But I need hardly go so far back. Epicurus assuredly rejoiced in joy — pleasure was the chief Good in his eyes; yet in his most earnest letters (which are not very numerous), and in those to his most intimate friends, he starts with Hail. And in tragedy and the old comedy you will constantly find it used quite at the beginning. You remember,
Hail to thee, joy be thine —
which puts health before rejoicing clearly enough. And says Alexis:
All hail, my lord; after long time thou comest.
I come in sorry plight, yet wish thee health.
Health first I ask, and next prosperity, Joy thirdly, and to owe not any man.
As for the writer of the drinking-song mentioned in Plato, what says he? —‘Best is health, and second beauty, and third wealth’; joy he never so much as names. I need hardly adduce the trite saw:
Chief of them that blessings give, Health, with thee I mean to live.
But, if Health is chief, her gift, which is the enjoyment of health, should rank before other Goods.
I could multiply these examples by the thousand from poets, historians, philosophers, who give Health the place of honour; but you will not require any such childish pedantry of me, wiping out my original offence by another; I shall do better to add a historical anecdote or two which occur to me as relevant.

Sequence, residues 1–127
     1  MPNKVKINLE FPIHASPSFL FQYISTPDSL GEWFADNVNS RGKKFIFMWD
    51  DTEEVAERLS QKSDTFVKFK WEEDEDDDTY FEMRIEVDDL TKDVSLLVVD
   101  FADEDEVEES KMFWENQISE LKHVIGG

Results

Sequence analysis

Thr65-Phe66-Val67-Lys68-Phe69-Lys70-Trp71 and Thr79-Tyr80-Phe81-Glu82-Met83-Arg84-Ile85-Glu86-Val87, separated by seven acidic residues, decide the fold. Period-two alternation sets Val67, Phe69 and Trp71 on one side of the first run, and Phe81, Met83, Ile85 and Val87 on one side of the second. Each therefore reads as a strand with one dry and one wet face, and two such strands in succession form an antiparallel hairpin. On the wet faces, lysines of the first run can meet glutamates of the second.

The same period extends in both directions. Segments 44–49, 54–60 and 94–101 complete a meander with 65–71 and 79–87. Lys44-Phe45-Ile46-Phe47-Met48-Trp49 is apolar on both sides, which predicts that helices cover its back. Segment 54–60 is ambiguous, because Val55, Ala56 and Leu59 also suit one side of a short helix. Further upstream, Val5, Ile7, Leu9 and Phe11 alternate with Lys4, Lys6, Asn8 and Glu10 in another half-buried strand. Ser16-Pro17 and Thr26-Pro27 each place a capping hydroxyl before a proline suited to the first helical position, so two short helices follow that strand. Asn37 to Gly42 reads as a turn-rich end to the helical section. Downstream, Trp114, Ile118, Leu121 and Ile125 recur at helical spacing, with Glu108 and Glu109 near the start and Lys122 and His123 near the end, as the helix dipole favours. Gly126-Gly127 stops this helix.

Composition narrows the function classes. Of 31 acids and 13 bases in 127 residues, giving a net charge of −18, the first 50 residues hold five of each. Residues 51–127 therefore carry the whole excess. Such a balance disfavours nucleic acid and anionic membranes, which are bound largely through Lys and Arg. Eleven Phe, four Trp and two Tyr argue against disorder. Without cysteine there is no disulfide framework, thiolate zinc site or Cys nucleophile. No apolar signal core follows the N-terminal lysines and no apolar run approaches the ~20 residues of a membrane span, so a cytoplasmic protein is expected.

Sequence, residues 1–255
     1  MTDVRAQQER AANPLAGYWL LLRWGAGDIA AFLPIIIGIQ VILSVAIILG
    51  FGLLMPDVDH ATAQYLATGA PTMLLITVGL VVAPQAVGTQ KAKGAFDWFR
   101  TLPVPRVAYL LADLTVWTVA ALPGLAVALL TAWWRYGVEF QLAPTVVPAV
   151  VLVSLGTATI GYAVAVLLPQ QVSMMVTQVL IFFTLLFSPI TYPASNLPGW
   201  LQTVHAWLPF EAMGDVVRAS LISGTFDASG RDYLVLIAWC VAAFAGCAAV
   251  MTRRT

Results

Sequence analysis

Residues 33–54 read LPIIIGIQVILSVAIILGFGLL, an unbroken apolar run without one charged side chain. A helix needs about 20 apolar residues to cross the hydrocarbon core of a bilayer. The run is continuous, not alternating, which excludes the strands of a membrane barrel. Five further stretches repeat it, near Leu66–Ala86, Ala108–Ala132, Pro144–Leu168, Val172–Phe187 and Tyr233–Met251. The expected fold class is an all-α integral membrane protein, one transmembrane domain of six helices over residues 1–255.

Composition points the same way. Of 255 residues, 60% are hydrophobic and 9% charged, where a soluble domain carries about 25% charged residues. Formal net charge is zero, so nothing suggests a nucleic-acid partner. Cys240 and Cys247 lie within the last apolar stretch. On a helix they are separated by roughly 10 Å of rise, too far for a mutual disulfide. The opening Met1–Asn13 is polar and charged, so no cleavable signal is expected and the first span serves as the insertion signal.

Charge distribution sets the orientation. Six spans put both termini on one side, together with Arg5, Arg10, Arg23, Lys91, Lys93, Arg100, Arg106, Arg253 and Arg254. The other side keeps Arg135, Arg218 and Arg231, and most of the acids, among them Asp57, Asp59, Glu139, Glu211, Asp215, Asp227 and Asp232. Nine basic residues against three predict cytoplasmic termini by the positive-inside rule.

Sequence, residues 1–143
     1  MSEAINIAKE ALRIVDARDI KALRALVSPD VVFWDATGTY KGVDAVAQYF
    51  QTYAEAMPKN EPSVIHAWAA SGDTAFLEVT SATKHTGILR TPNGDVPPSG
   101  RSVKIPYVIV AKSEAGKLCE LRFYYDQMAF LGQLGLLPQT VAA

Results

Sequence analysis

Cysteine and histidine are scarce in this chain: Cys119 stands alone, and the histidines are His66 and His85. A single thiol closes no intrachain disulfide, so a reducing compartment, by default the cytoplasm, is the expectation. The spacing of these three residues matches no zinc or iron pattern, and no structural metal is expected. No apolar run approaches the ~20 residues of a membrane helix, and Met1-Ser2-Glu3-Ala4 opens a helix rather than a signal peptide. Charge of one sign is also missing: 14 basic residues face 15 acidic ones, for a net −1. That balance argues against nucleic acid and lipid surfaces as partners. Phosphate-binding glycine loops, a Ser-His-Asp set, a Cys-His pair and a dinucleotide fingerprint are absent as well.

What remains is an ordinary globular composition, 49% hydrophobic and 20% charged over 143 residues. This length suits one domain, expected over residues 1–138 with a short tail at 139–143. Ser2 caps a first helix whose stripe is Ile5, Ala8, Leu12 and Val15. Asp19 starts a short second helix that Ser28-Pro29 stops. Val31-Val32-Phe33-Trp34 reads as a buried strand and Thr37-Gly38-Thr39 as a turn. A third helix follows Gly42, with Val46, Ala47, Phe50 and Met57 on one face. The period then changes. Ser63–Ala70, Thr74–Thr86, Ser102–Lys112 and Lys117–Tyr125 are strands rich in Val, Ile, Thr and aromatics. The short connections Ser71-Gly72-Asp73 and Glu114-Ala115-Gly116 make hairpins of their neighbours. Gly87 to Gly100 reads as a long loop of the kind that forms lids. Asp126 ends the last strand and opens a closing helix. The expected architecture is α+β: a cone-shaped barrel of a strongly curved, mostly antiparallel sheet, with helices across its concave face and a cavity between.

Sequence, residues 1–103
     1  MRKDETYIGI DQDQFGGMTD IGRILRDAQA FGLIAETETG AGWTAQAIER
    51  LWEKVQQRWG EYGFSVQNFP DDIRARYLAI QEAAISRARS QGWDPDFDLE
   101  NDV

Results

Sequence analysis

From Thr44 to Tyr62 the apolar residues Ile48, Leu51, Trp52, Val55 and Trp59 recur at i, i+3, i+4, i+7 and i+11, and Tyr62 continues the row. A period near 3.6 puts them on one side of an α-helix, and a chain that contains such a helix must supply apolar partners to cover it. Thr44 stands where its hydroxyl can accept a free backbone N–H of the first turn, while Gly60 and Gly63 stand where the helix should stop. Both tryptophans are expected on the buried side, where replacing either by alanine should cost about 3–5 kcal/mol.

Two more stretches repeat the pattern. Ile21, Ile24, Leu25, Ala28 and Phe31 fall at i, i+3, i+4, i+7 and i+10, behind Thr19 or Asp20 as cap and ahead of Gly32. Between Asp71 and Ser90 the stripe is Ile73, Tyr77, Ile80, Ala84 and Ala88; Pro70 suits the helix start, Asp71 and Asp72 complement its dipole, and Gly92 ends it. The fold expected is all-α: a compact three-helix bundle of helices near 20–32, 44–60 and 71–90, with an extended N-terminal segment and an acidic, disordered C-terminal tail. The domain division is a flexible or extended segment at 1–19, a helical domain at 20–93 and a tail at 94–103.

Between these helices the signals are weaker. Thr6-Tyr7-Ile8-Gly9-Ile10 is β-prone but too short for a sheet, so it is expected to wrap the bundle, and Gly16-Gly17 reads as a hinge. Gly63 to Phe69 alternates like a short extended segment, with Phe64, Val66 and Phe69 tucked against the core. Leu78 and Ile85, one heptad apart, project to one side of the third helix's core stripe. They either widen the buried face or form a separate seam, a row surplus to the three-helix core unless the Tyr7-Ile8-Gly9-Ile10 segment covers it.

Eumenes of Cardia, writing to Antipater, states that just before the battle of Issus, Hephaestion came at dawn into Alexander’s tent. Either in absence of mind and confusion like mine, or else under a divine impulse, he gave the evening salutation like me —‘Hail, sire; ’tis time we were at our posts.’ All present were confounded at the irregularity, and Hephaestion himself was like to die of shame, when Alexander said, ‘I take the omen; it is a promise that we shall come back safe from battle.’
Antiochus Soter, about to engage the Galatians, dreamed that Alexander stood over him and told him to give his men the password Health; and with this word it was that he won that marvellous victory.
Ptolemy, the son of Lagus, in a letter to Seleucus, just reversed the usual order, bidding him Hail at the beginning, and adding Rejoice at the end instead of wishing him Health; this is recorded by Dionysodorus, the collector of his letters.